- A Guide to Chemotherapy
- Learning about chemotherapy treatment
- A checklist of questions to ask your doctor or nurse
- Should I get a second opinion?
- Where will I get chemo?
- How will the chemo be given to me?
- What are clinical trials?
- Can I take other medicines while I’m getting chemo?
- How will I know if the chemo is working?
- How do I give my permission for chemo treatment?
- Chemo safety
- Will I be able to work during chemo treatment?
- Chemo side effects
- Fatigue from chemo
- Hair loss from chemo
- Increased chance of bruising, bleeding, infection, and anemia after chemo
- Nausea and vomiting
- Other chemo side effects and tips to manage them
- Mouth, gum, tongue, and throat problems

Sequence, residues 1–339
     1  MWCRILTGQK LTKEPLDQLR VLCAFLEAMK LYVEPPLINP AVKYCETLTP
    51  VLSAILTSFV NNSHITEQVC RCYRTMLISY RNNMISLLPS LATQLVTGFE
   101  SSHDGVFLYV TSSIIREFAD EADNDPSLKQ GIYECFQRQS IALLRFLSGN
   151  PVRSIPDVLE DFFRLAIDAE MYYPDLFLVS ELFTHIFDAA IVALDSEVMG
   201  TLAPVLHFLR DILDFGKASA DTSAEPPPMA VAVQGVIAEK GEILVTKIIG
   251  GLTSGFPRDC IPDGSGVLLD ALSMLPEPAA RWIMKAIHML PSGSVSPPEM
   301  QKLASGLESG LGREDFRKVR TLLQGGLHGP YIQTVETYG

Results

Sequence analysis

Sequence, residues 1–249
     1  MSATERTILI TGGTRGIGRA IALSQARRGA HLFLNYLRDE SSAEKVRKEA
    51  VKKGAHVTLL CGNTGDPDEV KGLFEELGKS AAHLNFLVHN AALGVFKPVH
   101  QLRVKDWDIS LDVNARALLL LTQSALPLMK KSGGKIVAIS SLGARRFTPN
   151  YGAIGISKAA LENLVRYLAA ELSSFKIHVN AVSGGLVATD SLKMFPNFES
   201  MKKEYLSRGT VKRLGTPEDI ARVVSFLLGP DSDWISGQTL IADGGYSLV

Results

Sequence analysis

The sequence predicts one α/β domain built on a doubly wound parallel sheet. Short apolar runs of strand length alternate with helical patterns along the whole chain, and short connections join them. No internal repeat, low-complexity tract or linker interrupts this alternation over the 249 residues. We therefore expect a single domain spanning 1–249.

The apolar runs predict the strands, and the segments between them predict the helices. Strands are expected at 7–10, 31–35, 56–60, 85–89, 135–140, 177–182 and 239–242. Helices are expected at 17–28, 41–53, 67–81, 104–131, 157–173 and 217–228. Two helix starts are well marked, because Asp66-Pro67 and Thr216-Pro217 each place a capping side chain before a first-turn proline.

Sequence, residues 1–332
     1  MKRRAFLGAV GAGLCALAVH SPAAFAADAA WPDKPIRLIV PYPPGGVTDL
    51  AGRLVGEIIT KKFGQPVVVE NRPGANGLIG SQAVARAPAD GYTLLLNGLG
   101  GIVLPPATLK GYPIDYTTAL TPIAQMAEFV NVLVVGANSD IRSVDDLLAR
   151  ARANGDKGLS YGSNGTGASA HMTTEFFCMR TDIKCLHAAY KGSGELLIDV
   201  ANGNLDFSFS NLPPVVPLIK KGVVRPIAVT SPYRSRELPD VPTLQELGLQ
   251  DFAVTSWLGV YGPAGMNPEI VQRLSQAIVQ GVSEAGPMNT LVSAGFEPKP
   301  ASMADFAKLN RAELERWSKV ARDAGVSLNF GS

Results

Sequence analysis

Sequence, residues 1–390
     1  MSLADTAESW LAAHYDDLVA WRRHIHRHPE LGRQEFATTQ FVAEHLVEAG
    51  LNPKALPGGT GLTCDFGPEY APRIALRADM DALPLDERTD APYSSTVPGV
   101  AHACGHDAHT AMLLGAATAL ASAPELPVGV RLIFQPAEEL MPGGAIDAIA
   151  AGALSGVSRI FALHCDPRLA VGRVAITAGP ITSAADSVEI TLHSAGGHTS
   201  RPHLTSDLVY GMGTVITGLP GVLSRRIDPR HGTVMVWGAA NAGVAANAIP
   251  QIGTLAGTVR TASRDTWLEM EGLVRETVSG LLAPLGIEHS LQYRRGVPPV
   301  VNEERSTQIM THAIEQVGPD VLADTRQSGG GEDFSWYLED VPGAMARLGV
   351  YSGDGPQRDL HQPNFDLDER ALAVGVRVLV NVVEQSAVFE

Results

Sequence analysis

- Nerve and muscle problems
- Skin and nail changes
- Urine changes and bladder and kidney problems
- Weight gain
- Other questions you may have about chemotherapy
- When to call your doctor about side effects from chemotherapy
- Sex, fertility, and chemo
- Thoughts, emotions, and chemo
- Paying for chemo treatment
- More information from your American Cancer Society
A Guide to Chemotherapy
You’ve been told you have cancer. You’ve looked at your treatment options, and you and your doctor have agreed that chemotherapy is your best choice. Now you have questions about chemotherapy treatment.
The American Cancer Society knows that you may have concerns about chemotherapy, and we have answers to some of your questions. Remember that, along with reading about your treatment, you can also count on your cancer care team to answer your questions.
At the end of this document, you will find a glossary that defines some of the words and terms used by your cancer care team. You can use the glossary to help you better understand the talks you have with your cancer care team. Open and honest talks with them are the best way to understand what’s going on with you, your body, and the cancer.
Last Medical Review: 06/09/2015
Last Revised: 06/09/2015